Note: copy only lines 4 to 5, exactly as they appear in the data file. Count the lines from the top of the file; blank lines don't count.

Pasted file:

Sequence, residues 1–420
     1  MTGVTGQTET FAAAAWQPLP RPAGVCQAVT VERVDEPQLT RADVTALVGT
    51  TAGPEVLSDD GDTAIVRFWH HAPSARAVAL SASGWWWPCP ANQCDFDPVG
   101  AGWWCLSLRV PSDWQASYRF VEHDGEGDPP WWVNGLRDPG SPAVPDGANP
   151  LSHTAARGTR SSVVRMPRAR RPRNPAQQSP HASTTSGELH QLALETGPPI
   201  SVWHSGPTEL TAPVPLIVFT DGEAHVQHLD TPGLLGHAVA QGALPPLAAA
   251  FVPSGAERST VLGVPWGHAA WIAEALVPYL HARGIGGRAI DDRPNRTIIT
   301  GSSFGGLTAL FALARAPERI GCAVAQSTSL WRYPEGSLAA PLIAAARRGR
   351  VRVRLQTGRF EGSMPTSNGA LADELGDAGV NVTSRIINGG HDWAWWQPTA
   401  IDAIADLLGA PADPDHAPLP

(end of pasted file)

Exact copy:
   101  AGWWCLSLRV PSDWQASYRF VEHDGEGDPP WWVNGLRDPG SPAVPDGANP
   151  LSHTAARGTR SSVVRMPRAR RPRNPAQQSP HASTTSGELH QLALETGPPI